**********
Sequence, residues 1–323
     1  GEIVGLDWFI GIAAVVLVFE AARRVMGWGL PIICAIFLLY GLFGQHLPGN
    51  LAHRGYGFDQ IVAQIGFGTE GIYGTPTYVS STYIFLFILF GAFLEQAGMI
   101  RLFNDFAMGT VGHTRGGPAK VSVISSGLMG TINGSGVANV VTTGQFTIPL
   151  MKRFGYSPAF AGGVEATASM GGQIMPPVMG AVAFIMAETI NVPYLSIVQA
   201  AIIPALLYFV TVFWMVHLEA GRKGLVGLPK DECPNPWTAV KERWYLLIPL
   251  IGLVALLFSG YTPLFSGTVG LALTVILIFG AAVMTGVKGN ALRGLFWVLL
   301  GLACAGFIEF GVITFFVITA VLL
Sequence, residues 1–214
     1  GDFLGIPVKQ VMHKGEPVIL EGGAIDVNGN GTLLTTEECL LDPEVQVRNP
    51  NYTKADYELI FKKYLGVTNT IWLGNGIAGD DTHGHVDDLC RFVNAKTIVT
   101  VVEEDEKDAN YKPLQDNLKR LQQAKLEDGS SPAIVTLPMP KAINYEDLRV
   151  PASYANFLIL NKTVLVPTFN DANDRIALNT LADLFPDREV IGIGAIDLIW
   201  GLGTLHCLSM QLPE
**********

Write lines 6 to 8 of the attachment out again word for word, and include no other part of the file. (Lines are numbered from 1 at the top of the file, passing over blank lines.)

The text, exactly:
   201  AIIPALLYFV TVFWMVHLEA GRKGLVGLPK DECPNPWTAV KERWYLLIPL
   251  IGLVALLFSG YTPLFSGTVG LALTVILIFG AAVMTGVKGN ALRGLFWVLL
   301  GLACAGFIEF GVITFFVITA VLL